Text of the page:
'I Was Ready To Move House': Two-Metre Long Python Found In Brisbane Family's Toilet
A Brisbane family got quite a shock when they discovered a hissing intruder in their bathroom on Friday night.
Local snake catcher Josh Castle was called to the Tagium home in the city's North, to help the distressed family.
"They were pretty petrified, they don't have snakes in New Zealand," he told 10 daily.
The family's six-year-old daughter London was the first to see the snake and rushed to tell her parents, who at first thought she was lying.
"It scared me so I shut the door so fast and then walked down to dad to tell him," London told 10 News First on Saturday.
Dad Rawiri Taoho soon got a fright himself, opening the door to find himself face-to-face with the snake's head.
But the first snake catcher the family called couldn't find a trace of the animal and thought it must have gone back out through the pipes, the family said.
Shortly after, the toilet started blocking when it was flushed, leading the family to call a plumber who dismantled the toilet from the wall and found the snake inside one of the pipes.
"They had a blockage in their toilet so they got a plumber out and he pulled the toilet apart and found out that's why they quickly called me," Castle explained.
Within about 10 minutes and with a bit of pulling, Castle extracted a live coastal carpet python, measuring around two and a half metres, from the drain.
"Usually snakes are in the back yard and in the roof, it's not that common to be found in the toilet," he said.
Although the snake is non-venomous, bites may cause substantial lacerations or punctures.
"These snakes have over 100 teeth so you don't want to be bitten by it," Castle said.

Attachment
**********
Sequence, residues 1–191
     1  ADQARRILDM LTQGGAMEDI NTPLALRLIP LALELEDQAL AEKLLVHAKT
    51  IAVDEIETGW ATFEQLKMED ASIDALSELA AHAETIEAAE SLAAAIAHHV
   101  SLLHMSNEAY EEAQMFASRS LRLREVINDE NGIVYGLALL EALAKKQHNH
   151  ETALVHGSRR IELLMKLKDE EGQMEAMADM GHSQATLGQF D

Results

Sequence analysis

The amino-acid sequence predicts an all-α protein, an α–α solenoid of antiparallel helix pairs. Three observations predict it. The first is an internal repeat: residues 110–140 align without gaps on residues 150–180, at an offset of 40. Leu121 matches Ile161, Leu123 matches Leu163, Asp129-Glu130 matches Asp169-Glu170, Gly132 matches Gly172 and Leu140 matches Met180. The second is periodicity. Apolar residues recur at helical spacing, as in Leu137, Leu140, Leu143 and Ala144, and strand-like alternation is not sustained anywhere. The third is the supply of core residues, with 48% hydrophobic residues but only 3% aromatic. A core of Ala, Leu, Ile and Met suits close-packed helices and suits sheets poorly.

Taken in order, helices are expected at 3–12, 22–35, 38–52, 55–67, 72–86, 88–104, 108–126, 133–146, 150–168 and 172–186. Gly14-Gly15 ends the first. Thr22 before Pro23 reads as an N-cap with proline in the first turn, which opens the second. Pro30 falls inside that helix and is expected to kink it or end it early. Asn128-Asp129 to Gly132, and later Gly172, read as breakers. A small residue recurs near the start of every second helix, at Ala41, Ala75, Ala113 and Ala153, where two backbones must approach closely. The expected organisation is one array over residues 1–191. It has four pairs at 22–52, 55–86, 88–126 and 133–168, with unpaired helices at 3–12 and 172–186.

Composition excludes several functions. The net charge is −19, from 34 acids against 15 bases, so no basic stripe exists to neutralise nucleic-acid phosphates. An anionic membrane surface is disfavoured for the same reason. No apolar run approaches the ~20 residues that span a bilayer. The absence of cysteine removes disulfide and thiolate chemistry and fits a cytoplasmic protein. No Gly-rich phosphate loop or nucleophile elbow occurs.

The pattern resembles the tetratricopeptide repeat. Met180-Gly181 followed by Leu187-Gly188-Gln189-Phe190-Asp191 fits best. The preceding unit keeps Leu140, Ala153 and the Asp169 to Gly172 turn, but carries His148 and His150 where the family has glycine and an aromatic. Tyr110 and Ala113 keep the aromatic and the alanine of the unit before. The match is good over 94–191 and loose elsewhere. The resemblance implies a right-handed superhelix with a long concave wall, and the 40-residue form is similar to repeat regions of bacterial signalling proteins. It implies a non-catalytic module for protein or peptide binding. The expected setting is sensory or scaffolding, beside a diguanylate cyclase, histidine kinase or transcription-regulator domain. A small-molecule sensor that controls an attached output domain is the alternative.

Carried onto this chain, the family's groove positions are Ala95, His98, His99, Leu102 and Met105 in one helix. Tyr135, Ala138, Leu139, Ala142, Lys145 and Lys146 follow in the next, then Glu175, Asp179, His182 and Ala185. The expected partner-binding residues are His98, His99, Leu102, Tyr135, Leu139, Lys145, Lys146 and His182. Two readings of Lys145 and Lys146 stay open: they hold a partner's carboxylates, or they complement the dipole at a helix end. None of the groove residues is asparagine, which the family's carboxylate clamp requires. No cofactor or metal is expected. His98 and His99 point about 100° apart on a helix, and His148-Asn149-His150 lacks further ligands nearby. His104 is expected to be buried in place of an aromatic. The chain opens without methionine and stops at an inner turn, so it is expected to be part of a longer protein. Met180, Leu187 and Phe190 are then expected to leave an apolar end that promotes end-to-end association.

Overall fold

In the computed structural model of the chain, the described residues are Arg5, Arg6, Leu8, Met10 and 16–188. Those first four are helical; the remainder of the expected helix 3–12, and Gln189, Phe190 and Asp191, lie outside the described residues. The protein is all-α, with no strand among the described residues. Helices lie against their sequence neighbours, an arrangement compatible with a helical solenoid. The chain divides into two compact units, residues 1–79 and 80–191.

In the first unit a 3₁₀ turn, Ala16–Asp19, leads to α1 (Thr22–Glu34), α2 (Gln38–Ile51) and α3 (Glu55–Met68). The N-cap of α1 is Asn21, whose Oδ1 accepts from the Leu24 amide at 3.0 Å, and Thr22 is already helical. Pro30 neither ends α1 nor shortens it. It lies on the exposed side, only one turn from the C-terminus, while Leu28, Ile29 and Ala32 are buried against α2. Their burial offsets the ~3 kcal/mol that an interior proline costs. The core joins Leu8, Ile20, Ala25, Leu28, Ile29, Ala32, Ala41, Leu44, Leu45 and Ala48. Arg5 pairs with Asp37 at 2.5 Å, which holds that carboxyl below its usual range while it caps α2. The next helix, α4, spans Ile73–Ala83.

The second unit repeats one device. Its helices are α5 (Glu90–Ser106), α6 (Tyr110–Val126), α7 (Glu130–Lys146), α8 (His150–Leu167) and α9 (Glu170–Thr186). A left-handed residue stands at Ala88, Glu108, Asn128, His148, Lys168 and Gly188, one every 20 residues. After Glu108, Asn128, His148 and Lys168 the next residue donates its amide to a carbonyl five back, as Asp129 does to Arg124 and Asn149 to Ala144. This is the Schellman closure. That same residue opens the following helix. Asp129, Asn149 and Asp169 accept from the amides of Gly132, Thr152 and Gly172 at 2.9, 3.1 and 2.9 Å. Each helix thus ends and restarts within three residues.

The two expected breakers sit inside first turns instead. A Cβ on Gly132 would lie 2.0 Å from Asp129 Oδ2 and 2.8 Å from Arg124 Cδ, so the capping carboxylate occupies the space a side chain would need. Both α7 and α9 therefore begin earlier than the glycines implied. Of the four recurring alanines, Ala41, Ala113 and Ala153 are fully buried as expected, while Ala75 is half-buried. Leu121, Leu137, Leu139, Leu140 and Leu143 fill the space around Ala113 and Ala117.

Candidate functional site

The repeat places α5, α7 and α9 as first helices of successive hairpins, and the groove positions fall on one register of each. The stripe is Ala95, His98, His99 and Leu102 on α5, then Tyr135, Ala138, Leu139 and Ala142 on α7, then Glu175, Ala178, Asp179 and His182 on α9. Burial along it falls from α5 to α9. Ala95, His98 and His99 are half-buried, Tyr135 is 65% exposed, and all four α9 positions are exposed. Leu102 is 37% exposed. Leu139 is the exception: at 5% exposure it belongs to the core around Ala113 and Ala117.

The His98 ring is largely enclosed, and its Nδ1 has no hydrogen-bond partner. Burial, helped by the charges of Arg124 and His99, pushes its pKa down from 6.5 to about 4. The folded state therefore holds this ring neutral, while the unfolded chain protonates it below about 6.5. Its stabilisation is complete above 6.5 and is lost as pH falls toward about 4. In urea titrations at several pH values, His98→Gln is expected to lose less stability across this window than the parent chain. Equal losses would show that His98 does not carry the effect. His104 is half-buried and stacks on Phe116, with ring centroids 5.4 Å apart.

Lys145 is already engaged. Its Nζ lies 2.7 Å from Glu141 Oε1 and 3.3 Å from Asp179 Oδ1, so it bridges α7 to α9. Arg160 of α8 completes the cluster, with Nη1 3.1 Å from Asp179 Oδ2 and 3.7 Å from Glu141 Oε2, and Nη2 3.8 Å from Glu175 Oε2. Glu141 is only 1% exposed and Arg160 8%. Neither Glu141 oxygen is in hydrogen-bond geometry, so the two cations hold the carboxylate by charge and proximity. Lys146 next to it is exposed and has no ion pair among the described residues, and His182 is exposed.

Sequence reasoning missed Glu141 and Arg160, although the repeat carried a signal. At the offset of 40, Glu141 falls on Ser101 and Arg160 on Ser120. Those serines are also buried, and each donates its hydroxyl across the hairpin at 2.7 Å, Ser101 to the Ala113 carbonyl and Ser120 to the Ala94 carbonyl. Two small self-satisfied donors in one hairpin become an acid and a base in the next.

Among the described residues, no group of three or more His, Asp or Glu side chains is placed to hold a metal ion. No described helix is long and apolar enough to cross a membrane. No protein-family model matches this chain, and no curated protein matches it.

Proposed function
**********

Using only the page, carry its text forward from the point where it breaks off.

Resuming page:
He later told 10 News First it was difficult to know how long the python might have been in there, but that the animal had been very happy to be released.
The family's toilet is on the second level so it still unclear exactly how the snake got in there. It may have climbed in from a vine in the family's yard or made its way through the pipework.
Speaking to 10 News First of their ordeal, Taoho said he had never seen something that big in real life.
He said he also apologised to London for thinking she had been lying.
"I gave her a big cuddle and said I'm so sorry darling, I thought you were lying to me."
Asked how she felt when her daughter had first told her of the snake, mum Helen Corneby said she was "ready to move house".
"We're from New Zealand, we don't have snakes!" she laughed.
After freeing the snake, Castle released it back into the wild and said he doesn't think it will end up back in anyone's toilet anytime soon.
"I think he's learnt his lesson," he said.
But the family said, even so, they'll always be checking twice when they go to the loo from now on.